Family Environment - schizophrenia

Although early schizophrenia researchers such as Bleuler and Kraepelin insisted that schizophrenia is, at its core, a disease caused by biological factors, many others believed that schizophrenia was caused by the family. Today, we know that no family can, by itself, “cause” schizophrenia. Research suggests, however, that the family environment does play an important role in a patient’s treatment. Some families may have qualities that increase the likelihood that a patient will relapse and experience another schizophrenic episode.

In the early 1900s, psychologists created the term “schizophrenigenic mother” to describe the cold, distant mothers of patients with schizophrenia. Before we had a good understanding of how the brain works,  many therapists blamed family members for their schizophrenic children. This must have caused family members extreme stress. Not only did they have to live with a psychotic child, but also they had to suffer the guilt of being seen as the cause of the illness.

When schizophrenia patients leave the hospital and return to their homes, some fare better than others. Researchers became interested in figuring out why some patients relapse whereas others do not. Clinicians and researchers believed that there might be qualities of the family that protect the patient from relapse and other qualities that increase the likelihood that the patient will experience another episode.

As previously mentioned, a family’s communication deviance - vague and confusing speech - is a risk factor in schizophrenia.  Another measure of the communication of family members is called expressed emotion.  Expressed emotion,  or EE, is a measure of the negative communication directed at a patient by family members. EE consists of three parts: criticism, hostility,  and emotional overinvolvement.  A family member who expresses criticism is expressing disapproval or dislike of the patient.  Hostility is a more extreme form of criticism that involves a rejection of the patient. Emotional overinvolvement involves dramatic,  overconcerned behaviors directed toward the patient. For example, when questioned about her schizophrenic son, an emotionally overinvolved mother might respond, “When he spends all day in bed, I just feel terrible. I

wish he knew how hard it was on me. Sometimes I lock him out of his room when he gets up to go to the bathroom. I just have to force him to get out and do something.” Not only does this mother emphasize how her son’s illness makes her feel, but also she forcibly locks him out of his room. In 1998, Ron Butzlaff and Jill Hooley at Harvard University found that patients living in a high EE home environment were more than twice as likely to relapse in the first year following a hospitalization compared with patients returning to a low EE home. The good news is that EE can be lowered with family therapy. When EE levels are lowered, relapse rates are reduced.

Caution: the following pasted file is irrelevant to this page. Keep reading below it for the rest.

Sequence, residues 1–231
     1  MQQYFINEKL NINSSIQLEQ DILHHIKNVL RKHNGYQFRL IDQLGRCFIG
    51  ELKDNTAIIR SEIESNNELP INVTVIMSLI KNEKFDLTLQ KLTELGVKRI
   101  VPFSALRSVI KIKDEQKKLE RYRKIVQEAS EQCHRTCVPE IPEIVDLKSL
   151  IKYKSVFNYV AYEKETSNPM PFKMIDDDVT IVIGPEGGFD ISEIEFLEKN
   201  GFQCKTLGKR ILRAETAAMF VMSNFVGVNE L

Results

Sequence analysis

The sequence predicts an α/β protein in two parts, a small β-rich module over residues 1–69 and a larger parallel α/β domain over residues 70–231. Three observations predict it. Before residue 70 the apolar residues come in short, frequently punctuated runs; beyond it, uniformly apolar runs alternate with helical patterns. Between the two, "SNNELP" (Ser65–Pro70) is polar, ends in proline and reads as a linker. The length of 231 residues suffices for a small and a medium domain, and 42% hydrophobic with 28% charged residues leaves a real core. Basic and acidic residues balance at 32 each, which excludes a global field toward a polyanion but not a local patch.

Why might the way a family communicates affect a patient’s recovery?  Current understanding suggests that high EE or communication deviance creates a stressful environment for schizophrenic patients. When we are stressed,  a substance called cortisol is released in the brain. Cortisol has been found to trigger dopamine activity and to affect glutamate release.

According to this theory, a stressful environment can directly affect the chemicals in the brain that are implicated in schizophrenic symptoms.

Social Class
Schizophrenia is found at all socioeconomic levels. The lower the socioeconomic level, however, the more likely you are to find someone with schizophrenia.  The sociogenic hypothesis holds that because living in poverty is more stressful, one’s risk for developing schizophrenia is increased. One can imagine that relative to a mother with more resources, an impoverished pregnant woman is less likely to receive adequate prenatal care, is more likely to be exposed to viruses, and is more likely to experience a complicated delivery. All three of these are risk factors of schizophrenia.  Alternatively,  the social drift hypothesis,  also known as “downward drift,” suggests that people with schizophrenia drift down the socioeconomic ladder because of their social and occupational impairment. So which is true? Research shows that more cases of schizophrenia develop in families of lower socioeconomic status, but patients also drift downward because of their illness. Thus, both the sociogenic and the social drift hypotheses correctly predict schizophrenia.

Some of the risk factors of schizophrenia include a family history of schizophrenia, qualities of the prenatal environment, and family communication patterns. The next section discusses how clinicians treat schizophrenia.

Heather Barnett Veague, Ph.D.
Heather Barnett Veague attended the University of California, Los Angeles, and received her Ph.D. in psychology from Harvard University in 2004. She is the author of several journal articles investigating information processing and the self in borderline personality disorder. Currently, she is the Director of Clinical Research for the Laboratory of Adolescent Sciences at Vassar College. Dr. Veague lives in Stockbridge, Massachusetts, with her husband and children.


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